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[FONT=Arial Narrow][SIZE=2][COLOR=Indigo]Jeff,
There is some good news and bad news for you. The good news is that yes you're right, it could be much much worse, and you're smart to have the presence of mind to get started on kicking this now.

The other 'good' news, depending on how you look at it, is that you most definitely need professional help kicking this addiction. Very few, and I mean VERY few people can stay clean by themselves, even when they have made it past the first couple of weeks of the worst withdrawal symptoms. The reason I say 'good news', is that with a counselor you can get to the bottom of why you want/need this drug in your life, and tackle those psychological issues which are the reasons you began using in the first place, and the most likely reason you would start using again. You will be a better, happier person through counseling, and learn much about yourself in the process - this is why I say it's good news for you.

I don't want to forget to mention attending AA or NA meetings - also a potent tool for living drug-free, though I think it depends on the person and finding the right meeting that best suits you.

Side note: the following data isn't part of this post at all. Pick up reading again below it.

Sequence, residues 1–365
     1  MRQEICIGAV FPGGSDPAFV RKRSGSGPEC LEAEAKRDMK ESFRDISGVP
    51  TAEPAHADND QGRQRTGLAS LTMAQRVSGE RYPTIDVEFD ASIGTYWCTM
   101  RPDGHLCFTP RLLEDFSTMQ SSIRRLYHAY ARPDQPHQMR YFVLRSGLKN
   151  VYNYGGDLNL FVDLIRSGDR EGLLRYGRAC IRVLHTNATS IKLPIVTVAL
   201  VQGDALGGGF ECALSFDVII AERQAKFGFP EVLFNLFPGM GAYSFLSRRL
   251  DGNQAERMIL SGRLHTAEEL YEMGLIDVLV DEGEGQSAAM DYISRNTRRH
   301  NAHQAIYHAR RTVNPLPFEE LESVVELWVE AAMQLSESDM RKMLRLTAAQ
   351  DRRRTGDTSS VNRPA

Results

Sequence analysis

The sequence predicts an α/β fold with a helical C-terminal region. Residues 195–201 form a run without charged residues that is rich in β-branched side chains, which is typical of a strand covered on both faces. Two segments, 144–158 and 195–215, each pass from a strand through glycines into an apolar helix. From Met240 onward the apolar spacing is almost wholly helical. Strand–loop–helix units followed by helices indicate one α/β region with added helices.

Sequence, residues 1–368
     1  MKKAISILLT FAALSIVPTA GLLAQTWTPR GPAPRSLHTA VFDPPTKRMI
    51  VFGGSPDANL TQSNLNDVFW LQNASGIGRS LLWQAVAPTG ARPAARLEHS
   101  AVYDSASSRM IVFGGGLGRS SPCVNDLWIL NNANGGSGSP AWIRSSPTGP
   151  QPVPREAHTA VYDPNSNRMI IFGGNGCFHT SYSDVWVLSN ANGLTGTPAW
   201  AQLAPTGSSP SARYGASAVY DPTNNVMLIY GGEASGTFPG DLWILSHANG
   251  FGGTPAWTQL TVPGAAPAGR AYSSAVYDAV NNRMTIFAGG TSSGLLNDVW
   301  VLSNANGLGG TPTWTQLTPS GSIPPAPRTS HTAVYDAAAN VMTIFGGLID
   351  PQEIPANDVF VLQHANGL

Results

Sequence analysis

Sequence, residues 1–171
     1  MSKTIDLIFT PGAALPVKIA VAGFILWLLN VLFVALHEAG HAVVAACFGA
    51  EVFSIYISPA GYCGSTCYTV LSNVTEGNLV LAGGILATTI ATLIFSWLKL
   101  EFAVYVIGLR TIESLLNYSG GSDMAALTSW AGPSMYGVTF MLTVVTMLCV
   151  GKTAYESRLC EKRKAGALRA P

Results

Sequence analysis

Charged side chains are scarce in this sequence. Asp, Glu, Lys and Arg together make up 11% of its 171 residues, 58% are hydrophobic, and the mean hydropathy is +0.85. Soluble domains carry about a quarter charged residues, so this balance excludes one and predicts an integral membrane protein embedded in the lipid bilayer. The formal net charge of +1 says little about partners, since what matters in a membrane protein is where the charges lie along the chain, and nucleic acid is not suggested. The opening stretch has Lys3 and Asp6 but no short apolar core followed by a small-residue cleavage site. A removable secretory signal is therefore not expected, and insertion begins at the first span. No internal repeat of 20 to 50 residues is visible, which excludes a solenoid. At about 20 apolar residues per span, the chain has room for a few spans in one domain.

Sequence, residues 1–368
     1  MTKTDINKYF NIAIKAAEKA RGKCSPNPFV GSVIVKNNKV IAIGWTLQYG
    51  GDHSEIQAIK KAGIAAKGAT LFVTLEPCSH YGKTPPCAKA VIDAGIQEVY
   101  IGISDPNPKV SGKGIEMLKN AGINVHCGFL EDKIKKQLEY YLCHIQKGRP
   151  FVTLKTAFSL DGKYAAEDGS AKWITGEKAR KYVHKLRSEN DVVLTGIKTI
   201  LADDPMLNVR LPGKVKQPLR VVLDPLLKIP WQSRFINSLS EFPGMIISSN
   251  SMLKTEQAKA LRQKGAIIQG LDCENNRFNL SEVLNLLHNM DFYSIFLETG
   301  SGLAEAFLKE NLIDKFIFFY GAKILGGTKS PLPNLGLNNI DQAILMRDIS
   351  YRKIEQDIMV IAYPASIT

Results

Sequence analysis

Speaking of odd - it's amazing to me that with over 20 posts and 1000 views of this thread, NOBODY here had yet recommended Jeff seek longer term professional psychological advice from a drug/addiction therapist...this is so crucial to getting and staying drug-free.

Be HONEST with yourself - You have already tried this on your own and it didn't work, right? You have nothing to lose by seeking professional help. You may be able to do this on your own, but your recovery is so important, for you mostly but also for those precious people in your life. You want to give yourself the best possible odds.

Lastly, regarding the great as it is for very serious addicts [Just meaning folks taking 2-3 times what you were, such as myself], consider this a last resort, and only after discussing it with your counselor and doing your own research. It's a wonderful tool for helping us to learn to live without the daily 'buzz', but ultimately you will have another addiction to overcome and taper from. This part is non-negotiable - it WILL be a struggle to then get suboxone out of your life.

Oh right...the bad news. We all have to suffer the punishment of physical withdrawal symptoms. There are many good tips on the board for helping with these, but ultimately [As you have experienced] you're just going to feel like crap for a while.

Good luck Jeff. Keep on posting![/FONT][/SIZE][/COLOR]

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